Innosight is collaborating with the Clayton Christensen Institute on a series of healthcare reports. We’re focusing on ways incumbents can leverage disruptive innovation and new consumer-focused business models to improve care while lowering costs.

How Disruptive Innovation Can Finally Revolutionize Healthcare

A Plan for Incumbents and Startups to Build a Future of Better Health and Lower Costs
By: Clayton Christensen, Andrew Waldeck and Rebecca Fogg
May 2017

The discussion around reforming healthcare tends to focus on progress the industry makes against prescribed numbers—lowering the rate of the uninsured, boosting productivity, and improving metrics around new payment models. While these high-level measurements are important for tracking performance, they distract from the understanding of the true causal mechanism of how industries become more affordable and accessible.

Download Part I of our healthcare report series  

Nearly a decade ago, The Innovator’s Prescription showed how disruption could transform healthcare. Yet unlike other industries, healthcare has been largely immune to the forces of disruptive innovation. Whereas new technologies, new competitors, and new business models have made products and services much more affordable and accessible in fields ranging from media, telecom, finance, and retail, the U.S. healthcare sector keeps getting costlier, and is now by far the world’s most expensive system per capita, about 2X higher than the U.K., Canada, and Australia, with chronic conditions such as diabetes and heart disease now accounting for more than 75% of total spending. At the same time, there has been a widening disparity in the quality of care Americans receive depending on their income and where they live.

Regulatory changes have aimed at shifting costs and risks around the system yet have largely missed the true nature of the problem—the fundamental disconnect between what patients need in order to maximize their health and what they actually get as consumers: more services and treatments that generate revenue. Due to this disconnect, even the shift from fee-for-service to value-based care, while helpful, has not yielded the expected benefit.

While it’s taken longer than expected, we can now point to promising solutions in the marketplace. In Part I, we set the context, focusing on why disruption has not taken hold in the delivery practices of hospitals and physicians groups. In Part II, we zero in on how disruptive solutions have begun to improve health while lowering costs for significant populations.

Health For Hire

Unleashing Patient Potential to Reduce Disease Costs
By: Clayton Christensen, Andrew Waldeck and Rebecca Fogg
October 2017

Spiraling healthcare costs have been of grave concern to prominent segments of industry, government, and the public for at least 50 years. And while the cross-sector battle rages on over the appropriate strategy for addressing them, there is one fact upon which clear-eyed industry analysts agree: There can be no solution to the healthcare crisis that does not address America’s unchecked epidemic of chronic disease, which afflicts more than half our citizens and consumes 86% of the exorbitant $3.2 trillion spent each year on care.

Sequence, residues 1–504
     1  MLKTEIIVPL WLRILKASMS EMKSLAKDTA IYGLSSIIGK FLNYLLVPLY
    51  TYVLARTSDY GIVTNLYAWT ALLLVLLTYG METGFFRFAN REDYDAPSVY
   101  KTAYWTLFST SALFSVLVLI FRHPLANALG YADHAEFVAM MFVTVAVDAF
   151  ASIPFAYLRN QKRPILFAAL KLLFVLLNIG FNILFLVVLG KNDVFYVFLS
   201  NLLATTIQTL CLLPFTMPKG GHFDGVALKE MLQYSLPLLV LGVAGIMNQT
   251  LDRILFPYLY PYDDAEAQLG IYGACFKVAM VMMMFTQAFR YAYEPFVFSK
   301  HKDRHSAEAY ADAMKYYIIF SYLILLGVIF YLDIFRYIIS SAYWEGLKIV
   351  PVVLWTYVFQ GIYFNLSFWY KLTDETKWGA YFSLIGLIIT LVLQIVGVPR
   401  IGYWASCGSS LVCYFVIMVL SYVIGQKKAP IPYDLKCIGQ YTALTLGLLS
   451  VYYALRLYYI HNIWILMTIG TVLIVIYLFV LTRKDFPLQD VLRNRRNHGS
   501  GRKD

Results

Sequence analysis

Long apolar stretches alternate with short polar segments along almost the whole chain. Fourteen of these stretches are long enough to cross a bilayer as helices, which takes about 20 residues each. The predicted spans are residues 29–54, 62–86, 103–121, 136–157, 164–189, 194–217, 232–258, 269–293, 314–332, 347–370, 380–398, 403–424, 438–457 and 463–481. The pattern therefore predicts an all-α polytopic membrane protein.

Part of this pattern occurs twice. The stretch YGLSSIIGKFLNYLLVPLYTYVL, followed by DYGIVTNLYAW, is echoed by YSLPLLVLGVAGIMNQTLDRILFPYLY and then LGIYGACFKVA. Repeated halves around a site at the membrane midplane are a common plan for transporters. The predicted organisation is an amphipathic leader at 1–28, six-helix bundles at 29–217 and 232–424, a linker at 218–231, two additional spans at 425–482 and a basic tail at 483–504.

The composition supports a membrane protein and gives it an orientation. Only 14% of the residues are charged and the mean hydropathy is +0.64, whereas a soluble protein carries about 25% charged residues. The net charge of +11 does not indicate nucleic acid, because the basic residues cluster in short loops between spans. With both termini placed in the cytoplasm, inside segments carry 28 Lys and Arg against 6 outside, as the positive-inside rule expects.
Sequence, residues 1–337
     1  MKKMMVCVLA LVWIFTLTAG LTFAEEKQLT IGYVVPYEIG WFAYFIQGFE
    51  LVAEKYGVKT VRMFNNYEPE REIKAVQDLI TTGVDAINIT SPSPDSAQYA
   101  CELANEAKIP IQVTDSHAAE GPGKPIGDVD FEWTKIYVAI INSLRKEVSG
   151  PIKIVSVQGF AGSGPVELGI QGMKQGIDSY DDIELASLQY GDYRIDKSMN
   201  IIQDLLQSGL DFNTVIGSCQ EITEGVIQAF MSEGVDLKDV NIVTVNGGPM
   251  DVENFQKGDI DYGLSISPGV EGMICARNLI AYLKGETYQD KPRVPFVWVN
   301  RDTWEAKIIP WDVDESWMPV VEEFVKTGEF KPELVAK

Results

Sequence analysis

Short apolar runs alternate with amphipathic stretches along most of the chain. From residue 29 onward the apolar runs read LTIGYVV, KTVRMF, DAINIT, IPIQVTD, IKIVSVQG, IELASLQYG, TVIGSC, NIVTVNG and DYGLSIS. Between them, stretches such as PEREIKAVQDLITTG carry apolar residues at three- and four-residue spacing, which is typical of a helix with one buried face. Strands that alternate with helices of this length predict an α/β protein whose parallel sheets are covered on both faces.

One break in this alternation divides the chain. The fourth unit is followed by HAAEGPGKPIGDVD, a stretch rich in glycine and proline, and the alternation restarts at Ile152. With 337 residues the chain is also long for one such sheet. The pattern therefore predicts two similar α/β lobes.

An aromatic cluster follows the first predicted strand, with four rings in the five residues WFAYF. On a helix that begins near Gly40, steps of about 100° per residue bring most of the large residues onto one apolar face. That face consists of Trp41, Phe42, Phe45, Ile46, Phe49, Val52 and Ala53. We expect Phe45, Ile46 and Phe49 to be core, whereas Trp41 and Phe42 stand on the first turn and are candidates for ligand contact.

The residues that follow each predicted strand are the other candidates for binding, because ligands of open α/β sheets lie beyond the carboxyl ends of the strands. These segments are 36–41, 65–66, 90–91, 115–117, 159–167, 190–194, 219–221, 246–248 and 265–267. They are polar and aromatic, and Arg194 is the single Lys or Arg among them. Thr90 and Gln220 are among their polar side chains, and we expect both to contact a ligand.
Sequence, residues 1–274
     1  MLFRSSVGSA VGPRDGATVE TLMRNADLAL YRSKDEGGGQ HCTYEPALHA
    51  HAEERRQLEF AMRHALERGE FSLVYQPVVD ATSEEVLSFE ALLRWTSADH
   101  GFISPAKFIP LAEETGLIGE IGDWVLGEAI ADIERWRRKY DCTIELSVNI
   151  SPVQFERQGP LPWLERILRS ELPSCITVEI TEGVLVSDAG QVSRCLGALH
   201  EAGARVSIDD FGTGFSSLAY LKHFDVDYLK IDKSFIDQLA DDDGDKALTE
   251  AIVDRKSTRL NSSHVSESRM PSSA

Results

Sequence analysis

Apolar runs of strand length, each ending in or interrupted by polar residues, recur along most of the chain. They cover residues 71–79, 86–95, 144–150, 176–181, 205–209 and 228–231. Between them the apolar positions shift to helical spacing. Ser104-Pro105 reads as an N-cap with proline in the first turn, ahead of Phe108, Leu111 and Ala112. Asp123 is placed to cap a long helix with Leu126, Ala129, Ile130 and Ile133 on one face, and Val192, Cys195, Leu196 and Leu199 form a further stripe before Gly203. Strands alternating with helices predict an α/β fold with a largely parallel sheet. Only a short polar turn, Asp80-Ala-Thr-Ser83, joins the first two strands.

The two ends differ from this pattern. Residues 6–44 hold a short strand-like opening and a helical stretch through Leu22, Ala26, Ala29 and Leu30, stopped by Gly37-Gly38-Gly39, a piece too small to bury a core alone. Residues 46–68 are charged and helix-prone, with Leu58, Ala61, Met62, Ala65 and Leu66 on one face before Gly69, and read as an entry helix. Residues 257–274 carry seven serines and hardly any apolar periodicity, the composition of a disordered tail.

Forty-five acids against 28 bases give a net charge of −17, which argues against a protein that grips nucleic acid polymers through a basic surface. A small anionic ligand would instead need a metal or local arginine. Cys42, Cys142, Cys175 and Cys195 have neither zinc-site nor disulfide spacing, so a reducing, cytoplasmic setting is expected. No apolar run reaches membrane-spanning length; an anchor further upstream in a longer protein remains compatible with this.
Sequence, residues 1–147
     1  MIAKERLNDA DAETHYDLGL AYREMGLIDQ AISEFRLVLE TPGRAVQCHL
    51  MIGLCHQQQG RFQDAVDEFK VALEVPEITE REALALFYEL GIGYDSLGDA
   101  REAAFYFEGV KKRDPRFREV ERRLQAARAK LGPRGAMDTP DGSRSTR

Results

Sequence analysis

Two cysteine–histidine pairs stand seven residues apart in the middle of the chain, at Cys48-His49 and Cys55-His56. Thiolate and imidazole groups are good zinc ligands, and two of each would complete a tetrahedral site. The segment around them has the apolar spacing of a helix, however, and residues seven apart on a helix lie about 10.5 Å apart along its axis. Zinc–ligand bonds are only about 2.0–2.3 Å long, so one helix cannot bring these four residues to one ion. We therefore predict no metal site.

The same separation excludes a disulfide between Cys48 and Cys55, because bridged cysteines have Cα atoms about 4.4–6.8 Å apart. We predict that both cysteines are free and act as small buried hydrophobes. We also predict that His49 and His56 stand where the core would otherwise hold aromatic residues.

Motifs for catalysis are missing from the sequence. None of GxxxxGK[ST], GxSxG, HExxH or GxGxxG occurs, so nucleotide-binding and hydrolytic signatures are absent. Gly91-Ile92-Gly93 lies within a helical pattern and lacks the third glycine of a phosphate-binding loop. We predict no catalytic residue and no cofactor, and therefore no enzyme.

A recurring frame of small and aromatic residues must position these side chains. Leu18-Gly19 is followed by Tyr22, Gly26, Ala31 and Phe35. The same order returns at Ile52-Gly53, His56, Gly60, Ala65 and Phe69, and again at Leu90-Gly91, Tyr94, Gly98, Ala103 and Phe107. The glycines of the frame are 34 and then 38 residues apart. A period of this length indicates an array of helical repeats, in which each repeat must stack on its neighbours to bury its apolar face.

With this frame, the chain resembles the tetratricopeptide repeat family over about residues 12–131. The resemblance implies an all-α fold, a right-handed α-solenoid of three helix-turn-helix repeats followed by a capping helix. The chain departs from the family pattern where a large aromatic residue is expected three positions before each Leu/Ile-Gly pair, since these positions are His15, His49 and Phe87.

Download Part II of our healthcare report series  

But our traditional healthcare delivery system, designed to excel at episodic acute care, has not made a dent in the problem. To prevent and reduce the cost of managing chronic disease, the system must learn to facilitate change in individual behavior, which has the greatest impact on health of any contributing factor, including healthcare. The Theory of Jobs to Be Done is a powerful tool toward this end.

Jobs Theory explains that everything people consciously choose to do (including doing nothing), they do to make progress according to their own priorities, in a particular set of circumstances. We call this progress a “job,” and it motivates individuals to search for solutions. Based on this insight, the theory asserts that the way to unleash patients’ potential to better manage their health is not to try to get them to prioritize health goals over the jobs they’re already striving to do. Instead, it’s to understand those jobs, and help patients accomplish them in ways that enhance their health, rather than detract from it.

For instance, a person striving to feel less lonely might “hire” a cat, a walking group, more hours on Instagram, or smoke breaks with colleagues to do that job. Each of these solutions has health consequences, ranging from positive to negative. Jobs Theory provides a framework for creating solutions for patients’ jobs that also have positive health consequences.

WATCH INNOSIGHT’S ANDY WALDECK ON CHANGING THE BASIS OF COMPETITION IN HEALTHCARE

 

About the Authors

Clay Christensen - Thumbnail - 130x130

Clayton Christensen is the Kim B. Clark professor of Business Administration at the Harvard Business school and co-founder of Innosight.

 

 

Andy Waldeck - Thumbnail - 130x130

Andy Waldeck is a senior partner at the growth strategy consulting firm Innosight, where he leads the firm’s healthcare practice.

 

 

rebecca-fogg

Rebecca Fogg is the senior research fellow in healthcare at the Clayton Christensen Institute, a nonprofit, nonpartisan think tank dedicated to improving the world through disruptive innovation.

How We Partner With Healthcare Leaders

The rise of consumer-centric health. The shift to value-based delivery models. Solving the twin challenges of high costs and inconsistent quality. Embracing digital health technologies. These are some of the mega-trends driving the future of healthcare and life sciences. Innosight collaborates with leaders across the sector to bring bold visions of tomorrow to today’s businesses.

Learn more about how Innosight partners with leaders at healthcare organizations here.